George Whalley: Digital Humanities Research


Dr. Michael John Di Santo, Associate Professor, Department of English

Robin Isard, Assistant Librarian, Arthur A. Wishart Library, Algoma University

Research Assistants

Alana Fletcher

Project Description

An introduction to George Whalley (1915-83), the eminent and accomplished Canadian man of letters, published at is the product of a collaboration between Michael John DiSanto, Associate Professor, Department of English, and Robin Isard, eServices Librarian, Wishart Library. The website includes samples of Whalley’s prose and verse, recordings of Whalley reading his poems and G.M. Hopkins’ “The Wreck of the Deutschland.” It also has hitherto unseen photographs from his childhood to the last years of his life. A bibliography records the impressive range of books, essays, poems, CBC broadcasts, and other works he produced.

George Whalley

Published in August 2011, the website is the foundation for a digital edition of a selection of Whalley’s poetry manuscripts and typescripts and personal correspondence. This was be co-edited by Michael, Robin, and Alana Fletcher. The digital edition will be a counterpart to a print edition of Whalley’s collected poetry, which Michael will produce. The digital and print editions will be published simultaneously in 2015 to celebrate the centenary of Whalley’s birth.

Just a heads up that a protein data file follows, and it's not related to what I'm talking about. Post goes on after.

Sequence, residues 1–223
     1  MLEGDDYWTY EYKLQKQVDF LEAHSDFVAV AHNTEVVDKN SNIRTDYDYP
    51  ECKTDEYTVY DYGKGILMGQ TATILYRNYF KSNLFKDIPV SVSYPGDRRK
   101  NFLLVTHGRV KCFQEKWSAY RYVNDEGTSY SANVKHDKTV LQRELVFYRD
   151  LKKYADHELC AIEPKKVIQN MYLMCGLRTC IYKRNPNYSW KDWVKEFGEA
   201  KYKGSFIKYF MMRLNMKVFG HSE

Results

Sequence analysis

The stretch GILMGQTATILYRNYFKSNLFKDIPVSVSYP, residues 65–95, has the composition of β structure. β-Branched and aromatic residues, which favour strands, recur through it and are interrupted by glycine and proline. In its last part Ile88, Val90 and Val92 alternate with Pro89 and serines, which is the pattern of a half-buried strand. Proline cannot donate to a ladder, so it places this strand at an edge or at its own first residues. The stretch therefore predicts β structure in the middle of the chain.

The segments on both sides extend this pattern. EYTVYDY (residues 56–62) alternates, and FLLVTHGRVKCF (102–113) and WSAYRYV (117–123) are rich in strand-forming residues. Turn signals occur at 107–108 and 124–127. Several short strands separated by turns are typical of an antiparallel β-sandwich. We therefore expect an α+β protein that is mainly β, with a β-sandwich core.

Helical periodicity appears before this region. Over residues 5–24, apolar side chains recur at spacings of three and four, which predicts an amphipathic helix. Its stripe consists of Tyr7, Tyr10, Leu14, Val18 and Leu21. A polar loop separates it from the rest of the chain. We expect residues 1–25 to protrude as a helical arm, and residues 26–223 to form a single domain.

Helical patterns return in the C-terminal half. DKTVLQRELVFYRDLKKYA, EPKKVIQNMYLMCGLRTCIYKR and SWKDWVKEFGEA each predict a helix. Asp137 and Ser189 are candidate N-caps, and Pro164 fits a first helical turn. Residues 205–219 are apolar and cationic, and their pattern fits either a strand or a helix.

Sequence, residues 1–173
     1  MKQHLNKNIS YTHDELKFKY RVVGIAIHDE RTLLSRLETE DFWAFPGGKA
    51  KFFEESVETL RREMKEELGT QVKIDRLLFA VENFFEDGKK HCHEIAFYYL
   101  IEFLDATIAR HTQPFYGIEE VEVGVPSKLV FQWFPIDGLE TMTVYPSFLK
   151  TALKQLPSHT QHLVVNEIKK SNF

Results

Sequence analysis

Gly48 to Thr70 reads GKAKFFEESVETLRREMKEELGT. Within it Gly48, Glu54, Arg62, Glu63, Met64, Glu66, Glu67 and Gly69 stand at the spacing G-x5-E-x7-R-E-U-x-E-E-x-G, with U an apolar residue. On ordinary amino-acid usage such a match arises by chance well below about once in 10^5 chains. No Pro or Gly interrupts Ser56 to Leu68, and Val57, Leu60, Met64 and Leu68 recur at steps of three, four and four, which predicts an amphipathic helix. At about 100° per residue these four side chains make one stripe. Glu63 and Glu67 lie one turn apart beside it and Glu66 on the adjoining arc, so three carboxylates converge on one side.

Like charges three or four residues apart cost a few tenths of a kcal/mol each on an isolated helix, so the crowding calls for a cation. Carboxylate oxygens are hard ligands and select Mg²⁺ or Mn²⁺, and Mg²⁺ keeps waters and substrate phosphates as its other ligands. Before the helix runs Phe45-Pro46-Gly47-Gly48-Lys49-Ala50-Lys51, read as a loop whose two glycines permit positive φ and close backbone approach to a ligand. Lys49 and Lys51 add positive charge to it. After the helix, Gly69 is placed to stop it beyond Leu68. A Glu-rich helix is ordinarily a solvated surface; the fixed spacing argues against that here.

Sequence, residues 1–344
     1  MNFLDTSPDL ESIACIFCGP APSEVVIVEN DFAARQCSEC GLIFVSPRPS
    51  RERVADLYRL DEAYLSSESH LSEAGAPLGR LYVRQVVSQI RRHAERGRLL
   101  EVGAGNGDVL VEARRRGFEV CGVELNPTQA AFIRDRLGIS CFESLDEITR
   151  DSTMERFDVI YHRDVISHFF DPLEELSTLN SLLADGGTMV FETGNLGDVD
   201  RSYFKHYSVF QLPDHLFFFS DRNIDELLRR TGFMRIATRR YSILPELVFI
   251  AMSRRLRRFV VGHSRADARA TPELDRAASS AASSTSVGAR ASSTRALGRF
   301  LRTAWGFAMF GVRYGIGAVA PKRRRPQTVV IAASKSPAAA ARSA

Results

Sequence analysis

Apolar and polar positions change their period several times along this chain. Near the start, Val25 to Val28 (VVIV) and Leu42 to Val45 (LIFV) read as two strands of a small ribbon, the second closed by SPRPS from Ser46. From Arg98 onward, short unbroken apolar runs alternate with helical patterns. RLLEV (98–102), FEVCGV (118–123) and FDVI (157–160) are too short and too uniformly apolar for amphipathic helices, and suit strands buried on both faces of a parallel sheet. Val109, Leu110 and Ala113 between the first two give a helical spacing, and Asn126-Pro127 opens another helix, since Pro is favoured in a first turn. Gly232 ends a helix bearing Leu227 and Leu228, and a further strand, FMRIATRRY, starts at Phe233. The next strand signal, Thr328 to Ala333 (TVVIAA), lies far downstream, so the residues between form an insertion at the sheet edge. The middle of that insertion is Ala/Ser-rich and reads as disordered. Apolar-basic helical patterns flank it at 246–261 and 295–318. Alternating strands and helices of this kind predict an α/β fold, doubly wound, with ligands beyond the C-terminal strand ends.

Behind the site is a growing database of digitized materials collected together from the Queen’s University Archives, the Victoria University Archives, and private papers held by the Whalley family. Built in compliance with the Rules for Archival Description, the database includes digital images of unpublished letters and essays, photographs, and recordings, among other things. Robin modified the Shingwauk Residential Schools Centre’s / University Archives’ database, which he built, for this project. The database is the foundation for Michael’s work on a biography of Whalley and will be made publically available at a future date.

The work is funded by the Social Sciences and Humanities Research Council, Editing Modernism in Canada, the Northern Ontario Heritage Fund, Algoma University, and in-kind donations from the Queen’s University Archives and the Arthur A. Wishart Library (Algoma University).